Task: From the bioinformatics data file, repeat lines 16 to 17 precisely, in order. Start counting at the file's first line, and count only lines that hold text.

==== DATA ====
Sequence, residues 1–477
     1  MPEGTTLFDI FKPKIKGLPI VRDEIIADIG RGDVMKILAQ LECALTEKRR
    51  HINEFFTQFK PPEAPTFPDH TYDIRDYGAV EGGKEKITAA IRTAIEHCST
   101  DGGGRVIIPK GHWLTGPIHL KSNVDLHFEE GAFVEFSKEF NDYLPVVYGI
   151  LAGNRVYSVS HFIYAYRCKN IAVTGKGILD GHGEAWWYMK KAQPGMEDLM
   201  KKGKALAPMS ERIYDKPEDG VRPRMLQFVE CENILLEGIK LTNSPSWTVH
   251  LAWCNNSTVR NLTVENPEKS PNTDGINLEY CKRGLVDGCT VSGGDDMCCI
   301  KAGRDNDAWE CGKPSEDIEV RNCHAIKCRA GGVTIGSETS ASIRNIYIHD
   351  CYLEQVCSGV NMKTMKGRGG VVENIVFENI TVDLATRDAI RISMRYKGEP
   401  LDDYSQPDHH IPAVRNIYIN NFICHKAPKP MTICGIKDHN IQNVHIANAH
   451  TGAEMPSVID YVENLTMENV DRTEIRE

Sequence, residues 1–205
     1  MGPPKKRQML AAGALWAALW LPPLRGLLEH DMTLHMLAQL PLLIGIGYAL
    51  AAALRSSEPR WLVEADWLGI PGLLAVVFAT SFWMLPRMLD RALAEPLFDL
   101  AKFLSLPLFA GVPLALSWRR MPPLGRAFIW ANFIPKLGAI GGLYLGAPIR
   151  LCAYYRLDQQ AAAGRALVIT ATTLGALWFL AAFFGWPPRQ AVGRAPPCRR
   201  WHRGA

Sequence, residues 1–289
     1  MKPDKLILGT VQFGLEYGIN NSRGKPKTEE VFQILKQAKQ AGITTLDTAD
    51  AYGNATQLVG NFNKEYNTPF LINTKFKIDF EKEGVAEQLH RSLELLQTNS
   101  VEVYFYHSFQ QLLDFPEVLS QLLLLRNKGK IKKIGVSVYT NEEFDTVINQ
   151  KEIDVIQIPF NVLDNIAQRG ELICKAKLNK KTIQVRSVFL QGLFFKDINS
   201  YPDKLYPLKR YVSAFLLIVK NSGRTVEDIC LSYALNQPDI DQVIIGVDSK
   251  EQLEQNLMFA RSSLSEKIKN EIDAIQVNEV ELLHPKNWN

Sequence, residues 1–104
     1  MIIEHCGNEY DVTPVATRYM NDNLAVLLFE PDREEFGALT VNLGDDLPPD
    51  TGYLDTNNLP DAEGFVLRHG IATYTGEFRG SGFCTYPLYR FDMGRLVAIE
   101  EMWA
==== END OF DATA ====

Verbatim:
   151  LCAYYRLDQQ AAAGRALVIT ATTLGALWFL AAFFGWPPRQ AVGRAPPCRR
   201  WHRGA